Celebrating the pipe organ, the King of Instruments
April 7, 2006
I’ve just finished listening to your tribute to my all-time favourite organist, E. Power Biggs. In my early organ listening days, the most influential performer I was exposed to was Albert Schweitzer, but then I met Biggs through the radio. As the 1950s wore on, and I plowed my way through high school, I, along with a bunch of like-minded contemporaries, experimented with audio equipment as the hi-fi phenomenon grew and prospered. This coincided with my entry into the working world, and the ability to buy recordings—available now, in Living Stereo! E. Power Biggs joined Dave Brubeck, Miles Davis and Leopold Stokowski in the library-building process. My collection, which now numbers more than 2000 LPs and 1100+ CDs, includes perhaps a hundred or more organ recordings, notable among them more than a dozen versions of Handel’s concertos (the favourite being the 1959 set by Karl Richter). Anyway, back to Biggs –I have a lovely LP called The Organ in Sight and Sound, in which Biggs gives an illustrated lecture about how the organ works, its history and some snapshots of the different ways instruments speak. I was a little taken aback in your program when I didn’t hear any of his American essays, such as his landmark Organ in Early America. But you set my mind at ease when you mentioned at the end of the program that there was more to come. We all love Fox, Walcha, Curley, Murray, Germani, Weir, Durufle, Guillou, Chorzempa, Bowyer, Marshall et al, but for his sheer energy, his catholic vision of the instrument, his diligent scholarship, his strong bias for tracker-action instruments and his wry personality, together with some excellent recording techniques, Biggs has to be way up there in the history of 20th century organ performance and promotion. I hope your next installment will include Trip to Pawtucket or The Battle at Trenton.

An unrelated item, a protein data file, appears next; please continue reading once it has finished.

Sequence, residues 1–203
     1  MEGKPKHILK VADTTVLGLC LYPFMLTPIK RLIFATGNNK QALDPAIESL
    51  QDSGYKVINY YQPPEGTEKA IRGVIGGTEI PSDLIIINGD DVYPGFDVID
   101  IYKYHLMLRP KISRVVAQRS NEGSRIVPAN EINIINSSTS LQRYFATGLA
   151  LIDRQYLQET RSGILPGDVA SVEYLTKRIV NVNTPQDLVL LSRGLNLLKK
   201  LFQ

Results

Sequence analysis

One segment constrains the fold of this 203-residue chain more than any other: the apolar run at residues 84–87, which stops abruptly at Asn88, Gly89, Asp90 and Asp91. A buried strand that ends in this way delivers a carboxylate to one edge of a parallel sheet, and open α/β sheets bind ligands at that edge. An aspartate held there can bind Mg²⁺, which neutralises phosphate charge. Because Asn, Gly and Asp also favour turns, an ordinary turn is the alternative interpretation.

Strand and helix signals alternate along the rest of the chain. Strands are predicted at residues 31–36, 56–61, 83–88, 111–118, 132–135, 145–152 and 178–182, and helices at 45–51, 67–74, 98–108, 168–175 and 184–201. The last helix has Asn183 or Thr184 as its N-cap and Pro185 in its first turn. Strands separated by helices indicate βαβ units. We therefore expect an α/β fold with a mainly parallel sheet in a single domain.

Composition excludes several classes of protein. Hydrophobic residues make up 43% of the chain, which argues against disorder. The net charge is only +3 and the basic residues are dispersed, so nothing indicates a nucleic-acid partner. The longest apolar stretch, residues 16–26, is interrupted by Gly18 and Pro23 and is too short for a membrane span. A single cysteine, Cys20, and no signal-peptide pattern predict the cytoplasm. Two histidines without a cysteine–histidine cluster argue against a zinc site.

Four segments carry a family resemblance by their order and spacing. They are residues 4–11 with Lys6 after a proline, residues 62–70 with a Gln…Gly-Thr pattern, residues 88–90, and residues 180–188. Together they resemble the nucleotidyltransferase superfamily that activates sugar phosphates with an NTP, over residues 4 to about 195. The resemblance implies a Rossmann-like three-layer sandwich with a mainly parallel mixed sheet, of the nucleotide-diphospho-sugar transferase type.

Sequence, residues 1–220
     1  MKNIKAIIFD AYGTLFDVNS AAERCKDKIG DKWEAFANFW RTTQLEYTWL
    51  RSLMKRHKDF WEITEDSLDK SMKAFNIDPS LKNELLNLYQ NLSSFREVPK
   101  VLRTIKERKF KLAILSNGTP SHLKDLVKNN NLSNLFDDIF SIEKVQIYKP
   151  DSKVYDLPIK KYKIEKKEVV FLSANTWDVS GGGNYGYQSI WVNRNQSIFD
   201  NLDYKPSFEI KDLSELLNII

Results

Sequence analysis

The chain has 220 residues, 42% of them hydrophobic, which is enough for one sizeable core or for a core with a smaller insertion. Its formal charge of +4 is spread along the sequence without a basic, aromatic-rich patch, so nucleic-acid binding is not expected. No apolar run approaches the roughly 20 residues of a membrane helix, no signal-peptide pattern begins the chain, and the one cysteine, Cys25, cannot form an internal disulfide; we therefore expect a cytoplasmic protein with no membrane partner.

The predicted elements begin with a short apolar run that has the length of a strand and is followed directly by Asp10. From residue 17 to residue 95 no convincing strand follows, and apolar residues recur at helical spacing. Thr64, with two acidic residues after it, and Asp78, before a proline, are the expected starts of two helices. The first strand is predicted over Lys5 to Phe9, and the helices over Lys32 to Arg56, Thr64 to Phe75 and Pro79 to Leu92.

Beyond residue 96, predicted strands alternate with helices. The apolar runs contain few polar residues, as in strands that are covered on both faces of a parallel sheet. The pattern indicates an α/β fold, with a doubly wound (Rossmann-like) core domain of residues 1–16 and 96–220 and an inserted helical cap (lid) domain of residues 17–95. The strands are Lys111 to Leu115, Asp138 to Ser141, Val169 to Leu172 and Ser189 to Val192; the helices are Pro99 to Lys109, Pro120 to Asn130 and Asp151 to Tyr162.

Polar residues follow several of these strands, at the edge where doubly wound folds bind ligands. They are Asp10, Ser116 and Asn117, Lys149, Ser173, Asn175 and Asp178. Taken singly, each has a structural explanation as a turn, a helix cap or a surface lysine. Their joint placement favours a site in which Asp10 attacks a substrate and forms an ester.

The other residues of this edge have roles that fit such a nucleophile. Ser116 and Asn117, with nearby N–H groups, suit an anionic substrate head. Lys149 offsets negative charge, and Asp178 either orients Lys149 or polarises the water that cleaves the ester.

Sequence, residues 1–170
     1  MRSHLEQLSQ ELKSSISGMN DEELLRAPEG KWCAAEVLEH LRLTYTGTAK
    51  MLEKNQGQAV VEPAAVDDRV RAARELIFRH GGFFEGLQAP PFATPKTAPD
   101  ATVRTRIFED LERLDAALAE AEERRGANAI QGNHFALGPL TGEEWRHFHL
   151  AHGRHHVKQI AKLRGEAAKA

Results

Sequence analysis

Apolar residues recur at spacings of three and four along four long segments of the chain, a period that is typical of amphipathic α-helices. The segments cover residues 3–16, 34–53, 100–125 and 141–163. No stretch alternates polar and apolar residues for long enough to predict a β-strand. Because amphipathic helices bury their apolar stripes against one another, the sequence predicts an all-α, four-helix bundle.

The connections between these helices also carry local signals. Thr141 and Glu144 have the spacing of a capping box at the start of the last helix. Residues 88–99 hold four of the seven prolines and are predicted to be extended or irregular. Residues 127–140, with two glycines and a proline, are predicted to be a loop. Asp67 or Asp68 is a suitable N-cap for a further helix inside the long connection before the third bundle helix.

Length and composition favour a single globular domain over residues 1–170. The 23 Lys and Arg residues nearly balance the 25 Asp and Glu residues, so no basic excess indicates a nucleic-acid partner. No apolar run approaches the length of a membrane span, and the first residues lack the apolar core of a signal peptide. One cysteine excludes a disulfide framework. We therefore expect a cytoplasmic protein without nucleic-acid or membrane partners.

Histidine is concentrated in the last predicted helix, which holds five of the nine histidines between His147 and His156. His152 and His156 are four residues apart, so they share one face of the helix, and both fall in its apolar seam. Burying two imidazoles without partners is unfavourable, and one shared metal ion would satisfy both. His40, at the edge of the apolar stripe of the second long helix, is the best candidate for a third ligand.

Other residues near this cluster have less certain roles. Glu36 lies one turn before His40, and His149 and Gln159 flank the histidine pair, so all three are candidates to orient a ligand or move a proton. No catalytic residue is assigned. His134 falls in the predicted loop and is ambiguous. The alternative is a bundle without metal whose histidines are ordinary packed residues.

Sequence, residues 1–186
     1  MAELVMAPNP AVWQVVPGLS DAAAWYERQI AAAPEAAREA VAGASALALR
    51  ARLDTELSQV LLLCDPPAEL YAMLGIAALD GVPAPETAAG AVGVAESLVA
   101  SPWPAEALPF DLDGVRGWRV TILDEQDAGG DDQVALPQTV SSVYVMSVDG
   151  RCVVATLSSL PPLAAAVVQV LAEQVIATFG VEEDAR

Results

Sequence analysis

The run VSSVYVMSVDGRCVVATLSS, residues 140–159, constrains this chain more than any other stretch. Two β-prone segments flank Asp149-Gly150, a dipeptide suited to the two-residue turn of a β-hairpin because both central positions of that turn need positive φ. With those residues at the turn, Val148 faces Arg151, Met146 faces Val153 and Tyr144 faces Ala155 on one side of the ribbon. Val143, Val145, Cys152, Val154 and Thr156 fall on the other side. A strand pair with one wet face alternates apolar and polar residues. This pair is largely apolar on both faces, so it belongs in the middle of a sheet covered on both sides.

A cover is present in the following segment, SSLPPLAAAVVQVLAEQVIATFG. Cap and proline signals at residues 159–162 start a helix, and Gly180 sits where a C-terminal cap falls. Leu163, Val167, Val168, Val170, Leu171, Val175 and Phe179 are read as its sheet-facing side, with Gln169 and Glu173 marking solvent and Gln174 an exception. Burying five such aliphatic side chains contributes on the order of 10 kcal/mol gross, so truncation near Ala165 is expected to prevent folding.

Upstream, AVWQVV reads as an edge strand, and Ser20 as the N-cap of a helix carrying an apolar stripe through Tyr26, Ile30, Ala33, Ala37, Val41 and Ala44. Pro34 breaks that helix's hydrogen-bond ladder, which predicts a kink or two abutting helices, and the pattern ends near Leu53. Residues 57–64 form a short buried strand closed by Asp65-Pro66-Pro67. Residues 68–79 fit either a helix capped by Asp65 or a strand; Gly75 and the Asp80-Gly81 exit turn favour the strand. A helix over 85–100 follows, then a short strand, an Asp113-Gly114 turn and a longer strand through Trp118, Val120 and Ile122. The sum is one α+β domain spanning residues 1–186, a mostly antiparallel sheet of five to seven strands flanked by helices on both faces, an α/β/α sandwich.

A curious coincidence that the first artist by whom we were exposed to organ music was Albert Schweitzer. For me, then came Edouard Commette, then Biggs and Fox in quick succession. Biggs preceded his stereo album (The Organ in Sight and Sound) with an earlier monophonic LP, The Organ produced in a lavish hard-bound book format (large!) with articles, photos and diagrams), and some of the commentary towards the beginning of the later, stereo version is lifted directly from that first release (listen closely; the ‘new’ comments seem to have been recorded in a more ambient environment…perhaps at the Busch-Reisinger Museum…than the earlier ones, done dry in a studio).
Do note that our two programs cover most aspects of Biggs’career…Program #1 devoted primarily to early recordings and the European experience, Program #2 concentrating on America, unusual repertoire, later projects.
For so many reasons, Biggs had a huge effect upon our appreciation of organ music. I do find it curious that, though many think of him primarily as an historically-directed tracker-backer, Biggs was much more than that.
His early (pre-arthritis) recordings demonstrate a consumate, fluid technique (his playing always had its own special energy). He ‘pulled out all the stops’ in ways that were historically ‘inappropriate’ when recording his delicious albums devoted to music for organ, brass and percussion and the Rheinberger Concertos (registered for surround sound, you know; and then there was quadraphonic Bach at Freiburg!), played regular New Year’s Eve programs on the Möller at Saint George’s Church in NYC (decidedly NOT a tracker organ), infectiously recorded Falla and Schubert and Tchaikovsky and Joplin on the pedal harpsichord). Quite a guy, that Jimmy Biggs!